“Gut feel has nothing to do with it,” said Bob Dancer, a professional video poker player in Las Vegas who has written 10 books on the subject. “If I have a feeling that says, ‘I’m going for another heart,’ then I will lie down until the feeling goes away.”
The top machines at Mandalay Bay pay out 99.17 percent, or $99.17 for every $100 wagered, according to Mr. Curtis. If Mr. Paddock did wind up a net loser, those losses could be offset, in part, by comps, or “kickback rewards,” essentially free money casinos give loyal customers to gamble with. The more that players play, the more they earn in comps. And casinos offer an ever-changing menu of promotions that can cut the expected losses a fraction further.
“If you get close to 100 percent — that’s where he gambled,” Eric Paddock said. “It’s not just the machine. It’s the comps, it’s the room. It’s the 50-year-old port that costs $500 a glass. You add all that stuff together and his net is better than 100 percent.”
Those types of perks were one reason Mr. Paddock drove nearly 90 minutes from his home in Mesquite, Nev., to Las Vegas for high-stakes gambling. He also visited Mesquite’s more modest casinos, but was not known for gambling big sums there.
“Paddock did not play at a level of significance with us,” Andre Carrier, chief operating officer of Eureka Casino Resort in Mesquite, said in an email. “From all of my discussion with my colleagues it appears Paddock existed in our casino as he did in his neighborhood: as someone not well known by anyone.”
He was better known around a few high-limit rooms of the Las Vegas Strip, including at Mandalay Bay and the Wynn Las Vegas. In May, Mr. Paddock invited his brother Eric and his nephew, who is in his 20s, to a weekend at Wynn, where he had achieved “Chairman’s Club” status, his brother said. They feasted on expensive sushi and saw a show. Mr. Paddock said his brother had seen it so many times that he noticed that one of the performers was an alternate.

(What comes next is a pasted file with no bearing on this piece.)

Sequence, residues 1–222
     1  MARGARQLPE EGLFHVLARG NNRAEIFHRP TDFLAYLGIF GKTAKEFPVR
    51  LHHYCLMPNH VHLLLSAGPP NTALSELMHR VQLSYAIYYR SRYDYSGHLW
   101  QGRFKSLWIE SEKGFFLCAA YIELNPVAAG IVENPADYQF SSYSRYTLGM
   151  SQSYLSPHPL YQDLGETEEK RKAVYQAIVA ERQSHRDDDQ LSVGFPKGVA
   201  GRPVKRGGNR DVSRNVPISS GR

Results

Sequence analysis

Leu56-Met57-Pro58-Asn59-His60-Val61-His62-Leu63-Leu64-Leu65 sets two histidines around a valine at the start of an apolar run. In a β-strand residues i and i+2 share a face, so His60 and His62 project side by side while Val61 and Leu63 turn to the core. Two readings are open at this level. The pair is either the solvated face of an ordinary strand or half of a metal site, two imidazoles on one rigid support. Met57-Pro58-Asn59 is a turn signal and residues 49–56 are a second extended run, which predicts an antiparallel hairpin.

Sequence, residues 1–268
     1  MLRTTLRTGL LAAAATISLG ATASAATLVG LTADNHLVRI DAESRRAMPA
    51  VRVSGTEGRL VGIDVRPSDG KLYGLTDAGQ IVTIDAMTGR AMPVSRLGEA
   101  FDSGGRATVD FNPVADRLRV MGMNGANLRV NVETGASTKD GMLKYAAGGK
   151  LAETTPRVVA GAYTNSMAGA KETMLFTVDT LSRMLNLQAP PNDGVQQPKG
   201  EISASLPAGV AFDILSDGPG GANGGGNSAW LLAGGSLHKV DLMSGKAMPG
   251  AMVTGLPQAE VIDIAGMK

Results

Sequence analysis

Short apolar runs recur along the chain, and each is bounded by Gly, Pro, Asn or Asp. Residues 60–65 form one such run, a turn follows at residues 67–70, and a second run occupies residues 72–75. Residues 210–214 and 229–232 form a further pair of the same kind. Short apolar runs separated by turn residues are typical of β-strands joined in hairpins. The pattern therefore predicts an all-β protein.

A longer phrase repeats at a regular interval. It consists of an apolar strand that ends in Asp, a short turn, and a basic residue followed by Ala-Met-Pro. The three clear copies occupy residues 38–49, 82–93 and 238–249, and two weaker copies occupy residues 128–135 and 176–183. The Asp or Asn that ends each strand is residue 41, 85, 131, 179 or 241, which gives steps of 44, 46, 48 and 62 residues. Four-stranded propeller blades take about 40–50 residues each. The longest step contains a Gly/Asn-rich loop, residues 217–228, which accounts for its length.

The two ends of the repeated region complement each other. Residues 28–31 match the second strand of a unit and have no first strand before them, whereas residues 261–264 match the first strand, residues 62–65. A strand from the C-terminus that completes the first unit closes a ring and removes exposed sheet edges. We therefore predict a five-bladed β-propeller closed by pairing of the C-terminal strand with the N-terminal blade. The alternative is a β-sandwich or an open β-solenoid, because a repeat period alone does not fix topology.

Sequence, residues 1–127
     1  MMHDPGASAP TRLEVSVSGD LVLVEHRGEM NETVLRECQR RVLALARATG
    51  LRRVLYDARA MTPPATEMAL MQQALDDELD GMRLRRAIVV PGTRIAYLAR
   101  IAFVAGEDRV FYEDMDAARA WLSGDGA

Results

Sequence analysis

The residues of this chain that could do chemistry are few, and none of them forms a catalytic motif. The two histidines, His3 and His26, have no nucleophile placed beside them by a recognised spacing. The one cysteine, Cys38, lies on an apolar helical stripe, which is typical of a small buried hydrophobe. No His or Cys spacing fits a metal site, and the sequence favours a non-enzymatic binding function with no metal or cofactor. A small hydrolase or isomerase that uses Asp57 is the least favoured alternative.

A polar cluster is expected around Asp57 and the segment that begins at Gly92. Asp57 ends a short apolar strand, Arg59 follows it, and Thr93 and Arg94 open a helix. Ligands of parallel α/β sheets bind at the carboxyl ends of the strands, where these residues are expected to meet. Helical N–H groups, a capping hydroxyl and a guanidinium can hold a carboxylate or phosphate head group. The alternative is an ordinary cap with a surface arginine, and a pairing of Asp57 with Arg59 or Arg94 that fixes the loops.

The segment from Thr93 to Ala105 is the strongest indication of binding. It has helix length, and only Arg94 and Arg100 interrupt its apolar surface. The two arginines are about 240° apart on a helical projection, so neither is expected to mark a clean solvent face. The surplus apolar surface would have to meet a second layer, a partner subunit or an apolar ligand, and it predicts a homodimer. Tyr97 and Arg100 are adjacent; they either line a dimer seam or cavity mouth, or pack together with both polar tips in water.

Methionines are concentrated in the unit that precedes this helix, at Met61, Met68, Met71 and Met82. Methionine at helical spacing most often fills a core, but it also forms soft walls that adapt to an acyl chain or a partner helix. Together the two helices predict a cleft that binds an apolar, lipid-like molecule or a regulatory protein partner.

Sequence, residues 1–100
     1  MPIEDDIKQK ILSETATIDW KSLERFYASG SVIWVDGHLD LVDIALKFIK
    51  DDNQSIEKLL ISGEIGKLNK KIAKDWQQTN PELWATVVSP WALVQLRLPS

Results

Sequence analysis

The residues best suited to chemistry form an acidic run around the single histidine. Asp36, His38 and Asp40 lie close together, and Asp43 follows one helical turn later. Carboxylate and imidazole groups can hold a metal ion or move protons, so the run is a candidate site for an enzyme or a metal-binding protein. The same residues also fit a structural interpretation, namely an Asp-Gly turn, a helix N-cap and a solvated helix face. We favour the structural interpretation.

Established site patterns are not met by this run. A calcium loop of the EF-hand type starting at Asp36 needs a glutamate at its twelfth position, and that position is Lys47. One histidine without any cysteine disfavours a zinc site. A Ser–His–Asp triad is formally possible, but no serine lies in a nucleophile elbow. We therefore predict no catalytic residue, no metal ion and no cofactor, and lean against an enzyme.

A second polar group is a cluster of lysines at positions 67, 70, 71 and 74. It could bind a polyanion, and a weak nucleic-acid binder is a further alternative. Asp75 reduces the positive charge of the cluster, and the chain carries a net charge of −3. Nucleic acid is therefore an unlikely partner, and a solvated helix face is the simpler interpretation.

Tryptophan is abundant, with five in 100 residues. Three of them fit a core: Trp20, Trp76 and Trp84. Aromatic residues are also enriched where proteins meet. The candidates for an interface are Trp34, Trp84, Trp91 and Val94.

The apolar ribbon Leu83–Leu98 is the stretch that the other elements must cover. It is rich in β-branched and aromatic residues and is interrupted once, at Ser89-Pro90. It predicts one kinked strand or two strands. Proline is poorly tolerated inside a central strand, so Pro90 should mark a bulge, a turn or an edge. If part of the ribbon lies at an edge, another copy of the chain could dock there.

In 2012, Mr. Paddock sued the owner of The Cosmopolitan of Las Vegas, a resort and casino on the Strip, for negligence, saying that he “slipped and fell on an obstruction on the floor” while he was a customer there in 2011, resulting in $30,600 in medical expenses.
The owner of The Cosmopolitan disputed many of Mr. Paddock’s allegations, and a judge dismissed the lawsuit in 2014, according to court records.
Mr. Paddock also had a home in Reno, where he played at the Atlantis. There he met Marilou Danley, his girlfriend, when she worked enlisting gamblers to sign up for frequent-customer cards, before she became a high-limit slot hostess, said Mr. Weinreich.
Mr. Weinreich noted that Mr. Paddock was generally hard to discern. “He was pretty statuesque in that he was stoic and stern,” he said.
Mr. Paddock gambled as he lived, his brother said — methodically, always weighing the odds. He was cautious and liked to plan ahead, Eric Paddock said, and didn’t like leaving things to chance. He always carried two cellphones, each with a different carrier, in case one network was down.
Mr. Paddock was in the high-limit room at Mandalay Bay last Thursday night, playing a machine that allowed him to bet $100 with each deal of the virtual cards. Nearby, another customer hit a big hand and rose excitedly from his chair. He recalled how his enthusiasm caused Mr. Paddock to pause and turn.
“What’d you hit?” Mr. Paddock asked.
“A royal flush,” the man said.
“Good job,” Mr. Paddock replied. And he went back to playing.
Reporting was contributed by Adam Goldman in New York, John Eligon and Mitch Smith in Las Vegas, and Julie Turkewitz and Thomas Fuller in Mesquite, Nev.